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Japan’s traditional washoku cuisine feeds body and soul

by Makiko Itoh

Special To The Japan Times

Whenever I am away from my homeland for too long, there is one meal that fills my dreams. At the center is a bowl of plain steamed rice, white and glistening. On the side, a steaming bowl of fragrant miso soup. There’s fish, perhaps sanma (Pacific saury), so hot from the grill that its skin sizzles when a splash of soy sauce is added, and a mound of refreshing and sharp grated daikon radish on the side as a foil to the oiliness. And in the corner, a small plate of crunchy tsukemono, pickled seasonal vegetables.

Whenever I ponder the question of what washoku, the quintessential Japanese cuisine, is, this is the meal I think of. It is simple yet complicated, plain yet sophisticated. It is salty, sour, sweet, slightly bitter and full of umami. And it is beautifully presented. Washoku does not hit you in the face with spice or other flamboyant flavors. It is a gentle caress as it satisfies your senses.

When washoku was designated as a UNESCO Intangible Cultural Heritage of Humanity this past December, there was some confusion outside of Japan as to what this meant. While some Japanese dishes have become popular worldwide in the past couple of decades, washoku remains a mystery for many.

What is washoku?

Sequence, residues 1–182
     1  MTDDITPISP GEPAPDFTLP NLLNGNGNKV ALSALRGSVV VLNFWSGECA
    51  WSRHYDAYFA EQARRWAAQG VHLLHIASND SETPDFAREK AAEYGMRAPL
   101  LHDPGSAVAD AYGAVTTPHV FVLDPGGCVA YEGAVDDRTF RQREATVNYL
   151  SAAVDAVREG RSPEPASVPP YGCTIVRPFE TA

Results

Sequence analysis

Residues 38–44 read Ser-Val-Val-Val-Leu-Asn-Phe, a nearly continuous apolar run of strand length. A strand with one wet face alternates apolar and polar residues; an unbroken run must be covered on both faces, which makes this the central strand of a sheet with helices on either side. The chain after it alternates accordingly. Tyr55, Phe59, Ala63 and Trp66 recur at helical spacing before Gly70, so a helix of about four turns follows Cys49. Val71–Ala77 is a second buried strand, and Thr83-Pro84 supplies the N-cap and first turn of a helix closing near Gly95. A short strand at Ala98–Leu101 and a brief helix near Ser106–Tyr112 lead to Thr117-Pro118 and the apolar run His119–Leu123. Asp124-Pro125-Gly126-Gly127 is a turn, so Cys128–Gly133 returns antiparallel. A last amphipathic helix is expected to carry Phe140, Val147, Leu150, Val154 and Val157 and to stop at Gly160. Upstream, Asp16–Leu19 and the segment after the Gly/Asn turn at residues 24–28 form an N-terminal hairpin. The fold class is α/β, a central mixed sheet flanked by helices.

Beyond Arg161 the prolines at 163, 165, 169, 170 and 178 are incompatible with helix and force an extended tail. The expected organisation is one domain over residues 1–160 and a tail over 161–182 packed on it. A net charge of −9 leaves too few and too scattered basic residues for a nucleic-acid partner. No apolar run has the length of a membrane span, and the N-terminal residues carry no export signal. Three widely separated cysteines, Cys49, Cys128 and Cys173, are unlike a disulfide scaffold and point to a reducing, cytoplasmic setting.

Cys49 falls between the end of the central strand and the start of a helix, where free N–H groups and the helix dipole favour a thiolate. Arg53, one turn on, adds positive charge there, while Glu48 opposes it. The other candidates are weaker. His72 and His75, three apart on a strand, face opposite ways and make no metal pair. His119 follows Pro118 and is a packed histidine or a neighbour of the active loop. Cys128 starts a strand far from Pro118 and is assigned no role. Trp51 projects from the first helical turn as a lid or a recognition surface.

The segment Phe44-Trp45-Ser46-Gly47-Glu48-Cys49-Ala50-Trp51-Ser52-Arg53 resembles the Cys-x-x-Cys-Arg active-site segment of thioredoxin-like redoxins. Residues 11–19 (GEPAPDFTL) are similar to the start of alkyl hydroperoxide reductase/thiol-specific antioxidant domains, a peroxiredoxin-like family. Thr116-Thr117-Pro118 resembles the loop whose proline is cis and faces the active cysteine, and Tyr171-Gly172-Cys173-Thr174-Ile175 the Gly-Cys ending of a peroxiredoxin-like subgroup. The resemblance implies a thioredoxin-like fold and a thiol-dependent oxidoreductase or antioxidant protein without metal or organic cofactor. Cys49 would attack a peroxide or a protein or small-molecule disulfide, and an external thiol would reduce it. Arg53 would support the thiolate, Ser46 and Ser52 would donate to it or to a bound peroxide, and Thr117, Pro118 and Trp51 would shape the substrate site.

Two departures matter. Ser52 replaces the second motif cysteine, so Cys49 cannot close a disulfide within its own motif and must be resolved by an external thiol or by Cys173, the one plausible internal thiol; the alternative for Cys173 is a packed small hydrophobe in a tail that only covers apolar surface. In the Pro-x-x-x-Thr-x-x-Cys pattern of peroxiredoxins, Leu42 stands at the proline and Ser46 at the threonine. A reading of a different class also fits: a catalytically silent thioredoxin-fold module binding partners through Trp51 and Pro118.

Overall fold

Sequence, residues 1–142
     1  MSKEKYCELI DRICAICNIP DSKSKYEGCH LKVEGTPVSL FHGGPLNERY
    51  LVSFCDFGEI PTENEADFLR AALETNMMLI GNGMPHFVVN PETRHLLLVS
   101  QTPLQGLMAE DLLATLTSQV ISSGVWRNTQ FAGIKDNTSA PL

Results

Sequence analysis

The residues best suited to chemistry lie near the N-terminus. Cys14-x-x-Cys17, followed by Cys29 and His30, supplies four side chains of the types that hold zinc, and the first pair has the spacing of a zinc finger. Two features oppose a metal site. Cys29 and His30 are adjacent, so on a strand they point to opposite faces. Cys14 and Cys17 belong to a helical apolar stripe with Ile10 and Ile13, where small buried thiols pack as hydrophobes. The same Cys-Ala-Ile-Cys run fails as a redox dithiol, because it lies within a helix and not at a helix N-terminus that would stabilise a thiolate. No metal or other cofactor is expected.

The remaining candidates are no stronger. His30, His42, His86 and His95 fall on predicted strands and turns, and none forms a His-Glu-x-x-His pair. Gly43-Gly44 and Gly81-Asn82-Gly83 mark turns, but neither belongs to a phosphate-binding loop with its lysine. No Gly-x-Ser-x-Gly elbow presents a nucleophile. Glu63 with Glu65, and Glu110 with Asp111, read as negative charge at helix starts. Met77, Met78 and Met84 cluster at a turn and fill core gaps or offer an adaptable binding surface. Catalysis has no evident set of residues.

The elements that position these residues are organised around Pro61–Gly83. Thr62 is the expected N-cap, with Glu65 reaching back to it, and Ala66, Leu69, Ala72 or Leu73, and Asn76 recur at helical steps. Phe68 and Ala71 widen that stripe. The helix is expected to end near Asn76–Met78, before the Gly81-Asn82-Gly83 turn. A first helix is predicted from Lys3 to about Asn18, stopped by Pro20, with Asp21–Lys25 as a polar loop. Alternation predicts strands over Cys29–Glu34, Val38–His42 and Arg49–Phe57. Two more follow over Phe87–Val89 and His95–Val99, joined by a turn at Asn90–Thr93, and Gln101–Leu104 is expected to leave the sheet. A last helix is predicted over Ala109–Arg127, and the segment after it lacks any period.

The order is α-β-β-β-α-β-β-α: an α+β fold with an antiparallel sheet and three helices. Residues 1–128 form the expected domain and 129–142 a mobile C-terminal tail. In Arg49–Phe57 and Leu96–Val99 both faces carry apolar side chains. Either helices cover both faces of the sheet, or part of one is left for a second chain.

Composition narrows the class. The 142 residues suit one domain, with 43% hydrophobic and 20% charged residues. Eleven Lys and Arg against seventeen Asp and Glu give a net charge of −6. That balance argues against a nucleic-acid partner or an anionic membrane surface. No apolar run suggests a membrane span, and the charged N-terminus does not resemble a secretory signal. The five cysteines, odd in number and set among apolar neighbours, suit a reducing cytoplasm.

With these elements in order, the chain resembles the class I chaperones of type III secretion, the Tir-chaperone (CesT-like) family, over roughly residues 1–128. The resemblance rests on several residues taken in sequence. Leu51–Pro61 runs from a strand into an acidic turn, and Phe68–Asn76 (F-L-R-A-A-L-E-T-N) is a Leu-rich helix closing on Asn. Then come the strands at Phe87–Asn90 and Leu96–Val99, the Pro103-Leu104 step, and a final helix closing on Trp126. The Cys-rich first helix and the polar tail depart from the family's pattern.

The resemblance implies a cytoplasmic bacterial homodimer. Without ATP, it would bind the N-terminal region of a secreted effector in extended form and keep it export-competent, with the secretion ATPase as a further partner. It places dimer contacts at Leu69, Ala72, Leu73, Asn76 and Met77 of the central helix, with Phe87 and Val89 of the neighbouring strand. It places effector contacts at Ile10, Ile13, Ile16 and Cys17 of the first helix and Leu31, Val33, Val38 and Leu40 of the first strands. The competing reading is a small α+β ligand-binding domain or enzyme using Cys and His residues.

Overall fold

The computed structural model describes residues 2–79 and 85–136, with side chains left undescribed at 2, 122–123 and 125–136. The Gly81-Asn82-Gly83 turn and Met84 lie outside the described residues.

Washoku when written in kanji characters, 和食, is made up of the character wa, which indicates Japan or Japanese, and shoku, which means food or to eat. It is just one of the types of cuisine that make up what’s known as Japanese cuisine; the others are chūka, or Chinese cuisine that’s been adapted to Japanese tastes (the term is also used for Chinese cuisine in general), and yōshoku, European-style cuisine that’s been similarly adapted. Washoku is the type that is considered to be the most traditional and most indigenous, the most Japanese or wa of these.

The importance of the seasons

The roots of washoku do go back at least to the courtly Heian Period (794-1185). Given that much of Japan has four very distinct seasons, especially in the region around Kyoto, where the Imperial court resided for hundreds of years, it’s no wonder that seasonality plays such a strong role in so much of Japanese culture. Everything from traditional forms of poetry such as haiku and tanka, decorative elements of dress and architecture, and even the indigenous religion of Shinto is infused with seasonality.